Near the latter part of our mountain bike tour through Ecuador with 2Wheel Epix, our bus turned down a narrow canyon road, walled by muggy rainforest. I watched the edge of the road creep toward the bus’s tires as we descended into the trees, around switchbacks, and closer to the rain-fed river below. Two days earlier, we were in Cuenca, Ecuador’s third most populous city with close to 300,000 people.
Our destination is known as Uzhcurrumi, and though I’m not sure how credible this site is, it claims the population in this village is about a thousand, which doesn’t seem inaccurate. Our bus stopped near the beginning of the town’s short strip of buildings. Dogs ran around the bus, and locals sat in front of their houses on plastic arm chairs watching the occasional vehicle pass by.
“We’re here,” said one of the 2Wheel Epix guides. “Uzhcurrumi.”
“We’re where?” the group wondered. In between the homes and small stores, appeared to be a restaurant. Hoisted above the restaurant is a billboard as big as a truck with a photo of a group of mountain bikers. Tucked behind the restaurant and layered into the mountainside is the hotel where we would stay. For the final two days of the trip, we planned to ride near the top of another mountain, above another village, Abañin.
Over the past four to five years, mountain biking has grown in Abañin, the small farming village on the mountain above Uzhcurrumi (pronounced ooz-choo-rumi), thanks largely to the efforts of Juan Jose Ugarte-Enriquez. Stores and restaurants in Abañin have become beneficiaries of the business. So has Uzhcurrumi.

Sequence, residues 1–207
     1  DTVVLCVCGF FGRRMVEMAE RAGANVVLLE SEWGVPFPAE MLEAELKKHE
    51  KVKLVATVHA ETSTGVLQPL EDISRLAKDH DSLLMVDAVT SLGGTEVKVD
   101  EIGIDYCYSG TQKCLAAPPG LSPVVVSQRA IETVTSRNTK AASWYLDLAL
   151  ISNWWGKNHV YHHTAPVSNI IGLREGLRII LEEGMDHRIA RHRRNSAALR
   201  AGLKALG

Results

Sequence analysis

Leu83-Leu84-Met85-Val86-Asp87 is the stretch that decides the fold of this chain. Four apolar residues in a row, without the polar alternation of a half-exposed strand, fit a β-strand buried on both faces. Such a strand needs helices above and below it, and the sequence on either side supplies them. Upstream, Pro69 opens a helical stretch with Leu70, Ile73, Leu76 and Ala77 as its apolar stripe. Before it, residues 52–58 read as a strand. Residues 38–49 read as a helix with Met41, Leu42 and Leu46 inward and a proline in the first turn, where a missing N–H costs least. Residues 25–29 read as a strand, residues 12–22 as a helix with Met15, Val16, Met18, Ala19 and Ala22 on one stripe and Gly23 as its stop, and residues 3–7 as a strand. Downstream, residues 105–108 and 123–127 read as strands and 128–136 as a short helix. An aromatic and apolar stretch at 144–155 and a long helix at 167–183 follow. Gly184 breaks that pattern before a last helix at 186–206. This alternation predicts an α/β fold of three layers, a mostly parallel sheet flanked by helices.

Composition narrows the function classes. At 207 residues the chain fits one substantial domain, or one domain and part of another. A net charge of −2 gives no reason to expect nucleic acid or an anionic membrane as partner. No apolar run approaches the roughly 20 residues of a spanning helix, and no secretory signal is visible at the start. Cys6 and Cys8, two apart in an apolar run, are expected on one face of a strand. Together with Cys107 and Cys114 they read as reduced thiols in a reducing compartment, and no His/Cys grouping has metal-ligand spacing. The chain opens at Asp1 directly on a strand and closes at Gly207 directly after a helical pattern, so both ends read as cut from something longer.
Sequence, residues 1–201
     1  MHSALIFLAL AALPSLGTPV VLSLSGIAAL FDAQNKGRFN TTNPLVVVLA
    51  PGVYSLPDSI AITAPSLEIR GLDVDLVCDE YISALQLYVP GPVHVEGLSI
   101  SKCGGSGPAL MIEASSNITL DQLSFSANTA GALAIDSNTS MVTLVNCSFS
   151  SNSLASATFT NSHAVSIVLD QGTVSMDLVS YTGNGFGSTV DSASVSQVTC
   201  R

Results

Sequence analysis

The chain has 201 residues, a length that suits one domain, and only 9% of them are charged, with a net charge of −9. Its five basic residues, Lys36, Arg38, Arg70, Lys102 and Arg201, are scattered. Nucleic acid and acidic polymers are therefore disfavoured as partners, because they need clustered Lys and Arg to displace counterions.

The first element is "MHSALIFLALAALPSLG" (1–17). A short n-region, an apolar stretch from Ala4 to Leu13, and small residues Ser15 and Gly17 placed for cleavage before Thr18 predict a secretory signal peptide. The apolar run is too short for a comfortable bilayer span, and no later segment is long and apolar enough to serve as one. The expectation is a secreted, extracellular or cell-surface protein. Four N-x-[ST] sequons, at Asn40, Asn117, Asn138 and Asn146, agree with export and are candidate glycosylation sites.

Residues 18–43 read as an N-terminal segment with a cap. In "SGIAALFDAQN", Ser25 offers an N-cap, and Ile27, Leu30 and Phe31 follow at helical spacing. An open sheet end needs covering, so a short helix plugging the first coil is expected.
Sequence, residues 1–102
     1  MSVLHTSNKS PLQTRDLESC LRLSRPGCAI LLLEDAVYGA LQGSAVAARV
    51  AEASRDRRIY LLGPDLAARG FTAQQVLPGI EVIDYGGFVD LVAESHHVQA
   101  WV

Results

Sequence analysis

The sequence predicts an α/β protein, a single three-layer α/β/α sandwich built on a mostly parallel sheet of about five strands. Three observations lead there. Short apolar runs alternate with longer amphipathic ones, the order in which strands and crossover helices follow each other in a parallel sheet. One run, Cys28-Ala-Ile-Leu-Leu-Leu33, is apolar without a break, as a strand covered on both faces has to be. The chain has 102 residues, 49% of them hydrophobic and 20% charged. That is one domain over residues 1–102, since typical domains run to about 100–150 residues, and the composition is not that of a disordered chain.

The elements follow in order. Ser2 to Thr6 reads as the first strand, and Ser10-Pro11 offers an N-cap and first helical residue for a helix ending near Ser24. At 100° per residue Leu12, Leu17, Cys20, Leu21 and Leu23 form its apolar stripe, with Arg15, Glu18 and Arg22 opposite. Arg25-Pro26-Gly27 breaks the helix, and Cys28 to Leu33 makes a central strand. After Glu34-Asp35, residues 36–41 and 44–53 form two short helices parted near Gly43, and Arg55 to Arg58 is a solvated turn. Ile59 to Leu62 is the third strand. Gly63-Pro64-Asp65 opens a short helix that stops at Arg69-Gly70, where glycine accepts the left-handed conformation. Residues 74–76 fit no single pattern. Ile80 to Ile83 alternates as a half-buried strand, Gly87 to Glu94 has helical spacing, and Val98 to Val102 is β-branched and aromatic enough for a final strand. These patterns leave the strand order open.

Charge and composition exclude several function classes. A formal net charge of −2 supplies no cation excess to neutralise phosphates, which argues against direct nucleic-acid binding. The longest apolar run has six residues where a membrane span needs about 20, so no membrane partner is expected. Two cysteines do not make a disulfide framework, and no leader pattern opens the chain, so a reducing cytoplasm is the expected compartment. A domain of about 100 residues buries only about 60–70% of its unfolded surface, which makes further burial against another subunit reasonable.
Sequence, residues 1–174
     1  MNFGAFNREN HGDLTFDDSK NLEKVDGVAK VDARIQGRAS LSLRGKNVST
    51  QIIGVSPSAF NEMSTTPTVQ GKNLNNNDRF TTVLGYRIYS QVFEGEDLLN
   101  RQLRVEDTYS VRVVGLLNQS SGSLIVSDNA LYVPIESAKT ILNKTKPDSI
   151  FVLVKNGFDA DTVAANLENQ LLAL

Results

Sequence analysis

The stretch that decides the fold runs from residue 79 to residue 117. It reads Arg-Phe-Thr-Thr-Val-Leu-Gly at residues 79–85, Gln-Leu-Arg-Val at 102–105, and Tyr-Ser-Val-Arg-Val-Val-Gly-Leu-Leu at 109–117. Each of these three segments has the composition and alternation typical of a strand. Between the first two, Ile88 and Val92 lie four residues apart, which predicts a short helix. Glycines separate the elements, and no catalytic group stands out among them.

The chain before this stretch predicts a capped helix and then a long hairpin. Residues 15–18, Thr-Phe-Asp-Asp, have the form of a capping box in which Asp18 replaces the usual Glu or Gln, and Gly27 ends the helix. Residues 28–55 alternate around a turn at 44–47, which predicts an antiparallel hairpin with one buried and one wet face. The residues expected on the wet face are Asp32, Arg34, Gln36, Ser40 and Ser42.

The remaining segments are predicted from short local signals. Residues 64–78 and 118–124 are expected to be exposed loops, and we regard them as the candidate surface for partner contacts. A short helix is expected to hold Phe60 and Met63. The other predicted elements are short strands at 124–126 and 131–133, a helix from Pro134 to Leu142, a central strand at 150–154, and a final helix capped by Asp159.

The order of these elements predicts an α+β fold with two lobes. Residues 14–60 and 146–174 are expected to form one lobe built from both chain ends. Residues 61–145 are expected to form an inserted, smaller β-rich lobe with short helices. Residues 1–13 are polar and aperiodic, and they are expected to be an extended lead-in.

The morning after we arrived, we were introduced to Juan Jose, who showed up with his driver in one of two unique shuttle vehicles, mid-size diesel pickup trucks with room for eight mountain bikers in the bed, four in the cab, and 10 bikes mounted above. Juan Jose is from Machala, a city an hour away. For generations his family business has been banana exports, and he owns a gym in Machala too, but he spends most of his weekends in Uzhcurrumi and Abañin developing the mountain biking scene.
I saddled up in the cab with Juan Jose on our way up the mountain to hear about how it all started. Before he was hooked on mountain biking, Juan Jose gambled.
“I was spending money like stupid,” he said. He’s soft spoken, but confident and humorous. “Now I prefer to spend my money on my bicycle and on the trails. But now, it’s too expensive to pay money on my bicycle… maybe I’ll go back to the casino,” he said laughing.
A friend first invited Juan Jose to ride cross country in the area. They would pedal the long mountain road from the valley up to Abañin, but it wasn’t his deal. The riding bored him and he’d rather test his mettle and have fun riding down the big mountains on singletrack. So he talked to the community of Abañin about using their trails. The singletrack is old. Some of it hadn’t been used in a long time and some of it is used regularly by community farmers, moving their cattle or produce; coffee, cacao, corn, and plantains.
Juan Jose explained that the community supported the idea as long as the riders supported the community. When mountain bikers visit Abañin, they should shop there too, and buy their chips, Gatorade, beer, or lunch at a store in the village or the mountains. He hired local trail workers for $25 a day to renovate and reopen some of the older trails. Springtime in Ecuador, as our American group learned, could be especially wet and the weather made it tricky to maintain or open the trails before May. They’ll close down again in the fall.